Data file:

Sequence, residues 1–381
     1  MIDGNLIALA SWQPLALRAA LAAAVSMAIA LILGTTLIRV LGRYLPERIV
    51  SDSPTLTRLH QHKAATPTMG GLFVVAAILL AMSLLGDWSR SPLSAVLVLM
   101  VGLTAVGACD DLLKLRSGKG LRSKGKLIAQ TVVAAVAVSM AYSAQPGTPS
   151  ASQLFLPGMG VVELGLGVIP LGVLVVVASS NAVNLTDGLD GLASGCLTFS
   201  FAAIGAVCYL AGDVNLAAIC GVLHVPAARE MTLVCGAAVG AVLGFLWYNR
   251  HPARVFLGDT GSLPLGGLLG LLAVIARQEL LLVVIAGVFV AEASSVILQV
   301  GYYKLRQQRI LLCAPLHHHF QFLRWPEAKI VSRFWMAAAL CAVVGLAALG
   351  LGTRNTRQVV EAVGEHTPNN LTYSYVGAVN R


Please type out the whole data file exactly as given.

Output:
Sequence, residues 1–381
     1  MIDGNLIALA SWQPLALRAA LAAAVSMAIA LILGTTLIRV LGRYLPERIV
    51  SDSPTLTRLH QHKAATPTMG GLFVVAAILL AMSLLGDWSR SPLSAVLVLM
   101  VGLTAVGACD DLLKLRSGKG LRSKGKLIAQ TVVAAVAVSM AYSAQPGTPS
   151  ASQLFLPGMG VVELGLGVIP LGVLVVVASS NAVNLTDGLD GLASGCLTFS
   201  FAAIGAVCYL AGDVNLAAIC GVLHVPAARE MTLVCGAAVG AVLGFLWYNR
   251  HPARVFLGDT GSLPLGGLLG LLAVIARQEL LLVVIAGVFV AEASSVILQV
   301  GYYKLRQQRI LLCAPLHHHF QFLRWPEAKI VSRFWMAAAL CAVVGLAALG
   351  LGTRNTRQVV EAVGEHTPNN LTYSYVGAVN R